The third booklet was about preparing the women for natural delivery, including benefits of exercise and exercises during pregnancy, pain-reduction techniques and facilitating natural delivery.
The booklets were designed to enhance knowledge, change attitude and increase perceived behaviour control of women towards natural delivery. The package also contained a compact disc (CD) video of short footage of the stages of natural delivery, CS and third trimester exercises. In addition, four postcards with messages encouraging natural delivery were posted to the subject norm of women, including wife, mother, spouse\'s mother, sister, or a friend according to information provided in the pre-test on a weekly basis.
Women in group C were additionally invited to discussion sessions in small numbers (5 to 8). The sessions lasted about 45 minutes with emphasis on attitudes of women and also finding answers to questions in the debate. The sessions were managed by a guide (project executor). At first, short video clips showing pregnancy massages, pictures of relaxation exercises and respiration, and delivery positions were presented to the participants for 10 minutes. For the next 25 minutes, women talked with each other in relation to the experiences of themselves and their family and friends regarding worries and reasons for selecting CS. The last 10 minutes were allocated to drawing conclusions from the discussions, specifically in respect of wrong information and misperceptions.
One month after intervention, post-test was carried out by visiting the participants at their homes. To follow up on the delivery behaviour of women, regular telephone contacts were made.
The collected data was analysed with SPSS version 15 using Kruskal Wallis test. At this stage, changes in constructs were classified qualitatively to examine the effect of the model and educational method used in the study. Changes in constructs toward natural delivery option, coded 1 for \'yes\', and zero for \'no\'. Then they were assessed using the regression analysis test.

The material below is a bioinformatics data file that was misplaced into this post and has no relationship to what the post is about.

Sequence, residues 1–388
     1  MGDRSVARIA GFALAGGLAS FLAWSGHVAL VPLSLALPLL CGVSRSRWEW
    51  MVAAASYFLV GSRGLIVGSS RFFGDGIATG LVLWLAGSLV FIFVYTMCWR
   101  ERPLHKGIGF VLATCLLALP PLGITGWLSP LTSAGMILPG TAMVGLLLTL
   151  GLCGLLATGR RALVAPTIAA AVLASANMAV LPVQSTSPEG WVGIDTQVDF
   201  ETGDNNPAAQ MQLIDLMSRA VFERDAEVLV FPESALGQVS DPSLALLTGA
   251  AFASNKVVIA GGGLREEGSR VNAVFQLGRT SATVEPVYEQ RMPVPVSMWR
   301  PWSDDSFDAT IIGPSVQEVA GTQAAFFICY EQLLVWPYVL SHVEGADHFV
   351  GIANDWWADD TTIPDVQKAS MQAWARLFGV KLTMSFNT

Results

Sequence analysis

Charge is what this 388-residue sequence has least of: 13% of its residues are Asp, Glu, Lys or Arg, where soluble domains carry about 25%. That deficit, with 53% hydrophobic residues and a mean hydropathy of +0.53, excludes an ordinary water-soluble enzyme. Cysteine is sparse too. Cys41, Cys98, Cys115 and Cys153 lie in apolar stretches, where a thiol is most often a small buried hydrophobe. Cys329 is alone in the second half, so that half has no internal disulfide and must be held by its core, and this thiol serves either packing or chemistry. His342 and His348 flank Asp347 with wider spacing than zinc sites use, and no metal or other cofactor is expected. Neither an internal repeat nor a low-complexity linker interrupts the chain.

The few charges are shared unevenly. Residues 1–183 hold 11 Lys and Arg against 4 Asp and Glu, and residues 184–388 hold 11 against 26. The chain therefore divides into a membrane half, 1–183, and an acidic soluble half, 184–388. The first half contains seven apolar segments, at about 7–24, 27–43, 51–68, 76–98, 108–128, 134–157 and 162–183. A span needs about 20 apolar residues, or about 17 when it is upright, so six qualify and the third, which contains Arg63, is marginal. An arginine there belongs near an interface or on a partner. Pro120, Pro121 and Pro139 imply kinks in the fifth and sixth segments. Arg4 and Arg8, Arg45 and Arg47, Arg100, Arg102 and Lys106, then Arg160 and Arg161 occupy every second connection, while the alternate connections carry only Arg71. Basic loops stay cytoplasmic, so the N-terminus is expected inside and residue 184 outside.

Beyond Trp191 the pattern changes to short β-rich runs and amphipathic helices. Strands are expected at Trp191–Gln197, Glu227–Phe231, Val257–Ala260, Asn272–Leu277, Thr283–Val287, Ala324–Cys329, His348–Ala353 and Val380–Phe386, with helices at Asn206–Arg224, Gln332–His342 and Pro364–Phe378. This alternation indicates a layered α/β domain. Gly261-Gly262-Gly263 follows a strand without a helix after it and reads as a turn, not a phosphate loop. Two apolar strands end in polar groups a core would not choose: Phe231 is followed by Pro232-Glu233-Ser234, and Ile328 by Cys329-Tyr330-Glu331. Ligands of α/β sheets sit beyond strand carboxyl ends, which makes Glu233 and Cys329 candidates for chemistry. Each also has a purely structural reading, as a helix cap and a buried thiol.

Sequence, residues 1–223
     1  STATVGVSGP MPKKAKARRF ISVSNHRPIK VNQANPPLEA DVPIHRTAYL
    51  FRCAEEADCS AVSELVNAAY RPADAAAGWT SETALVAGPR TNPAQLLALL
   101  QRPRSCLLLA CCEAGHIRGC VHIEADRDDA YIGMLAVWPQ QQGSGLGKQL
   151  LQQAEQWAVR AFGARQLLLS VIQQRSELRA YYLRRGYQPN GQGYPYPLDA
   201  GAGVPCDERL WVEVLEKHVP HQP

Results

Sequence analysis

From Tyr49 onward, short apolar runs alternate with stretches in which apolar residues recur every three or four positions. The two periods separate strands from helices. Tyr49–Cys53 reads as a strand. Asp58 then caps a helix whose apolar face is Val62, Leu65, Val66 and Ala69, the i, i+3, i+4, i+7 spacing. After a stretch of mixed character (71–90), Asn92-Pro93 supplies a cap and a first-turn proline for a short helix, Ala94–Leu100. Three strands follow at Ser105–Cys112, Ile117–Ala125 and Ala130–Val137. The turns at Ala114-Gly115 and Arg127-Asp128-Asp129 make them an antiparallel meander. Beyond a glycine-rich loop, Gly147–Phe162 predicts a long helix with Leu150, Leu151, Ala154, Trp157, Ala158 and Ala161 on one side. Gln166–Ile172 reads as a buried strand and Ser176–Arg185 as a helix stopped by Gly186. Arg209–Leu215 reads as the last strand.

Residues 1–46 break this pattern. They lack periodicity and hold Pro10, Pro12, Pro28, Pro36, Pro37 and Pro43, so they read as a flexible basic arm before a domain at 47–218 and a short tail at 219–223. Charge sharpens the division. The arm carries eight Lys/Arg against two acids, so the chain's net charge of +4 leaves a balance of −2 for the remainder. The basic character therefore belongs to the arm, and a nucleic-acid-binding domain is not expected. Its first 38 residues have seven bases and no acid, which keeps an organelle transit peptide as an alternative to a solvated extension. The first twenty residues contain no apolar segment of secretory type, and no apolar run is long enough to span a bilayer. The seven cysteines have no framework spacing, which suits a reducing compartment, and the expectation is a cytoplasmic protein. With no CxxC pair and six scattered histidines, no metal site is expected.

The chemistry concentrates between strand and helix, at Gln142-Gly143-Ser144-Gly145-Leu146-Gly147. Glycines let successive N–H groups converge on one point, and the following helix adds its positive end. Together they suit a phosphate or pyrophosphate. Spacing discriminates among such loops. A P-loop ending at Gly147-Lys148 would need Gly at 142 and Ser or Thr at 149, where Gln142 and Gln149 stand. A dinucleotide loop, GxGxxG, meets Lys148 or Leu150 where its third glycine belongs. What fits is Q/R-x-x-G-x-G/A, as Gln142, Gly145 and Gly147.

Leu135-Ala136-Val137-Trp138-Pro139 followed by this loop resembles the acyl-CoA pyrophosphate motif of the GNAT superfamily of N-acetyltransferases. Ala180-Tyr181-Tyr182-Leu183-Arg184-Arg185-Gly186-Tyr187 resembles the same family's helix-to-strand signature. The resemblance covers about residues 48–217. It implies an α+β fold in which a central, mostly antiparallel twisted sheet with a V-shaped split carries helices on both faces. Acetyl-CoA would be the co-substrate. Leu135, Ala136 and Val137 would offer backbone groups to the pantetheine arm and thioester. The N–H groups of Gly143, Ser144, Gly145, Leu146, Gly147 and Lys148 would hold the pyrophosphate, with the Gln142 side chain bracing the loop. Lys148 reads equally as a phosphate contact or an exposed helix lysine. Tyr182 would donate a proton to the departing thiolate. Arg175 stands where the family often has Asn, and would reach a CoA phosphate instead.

This study was approved by the research ethics committee of Zahedan University of Medical Sciences, Iran. Furthermore, written informed consent was obtained from each eligible individual before any intervention. In an effort to maintain confidentiality, the personal information of the participants was kept strictly confidential. Each questionnaire was given a code number and was only to be accessed by the main investigators or with permission from the principal investigator.
Of the 100 women in Group A, 71 (71%) had education up to high school diploma and higher. The corresponding data for Group B was 33 (82.5%), and for Group C 57 (95%). Overall, 141 (70.5%) were housewives and 112 (56%) were experiencing their first delivery (Table-1).
In terms of scores for awareness, attitude, perceived behaviour control and subjective norms before and after intervention, there were significant differences in the scores of constructs post intervention in Groups B and C (p<0.001), but no change was observed in the control group. Furthermore, score differences were more evident in Group C than Group B after intervention (Table-2).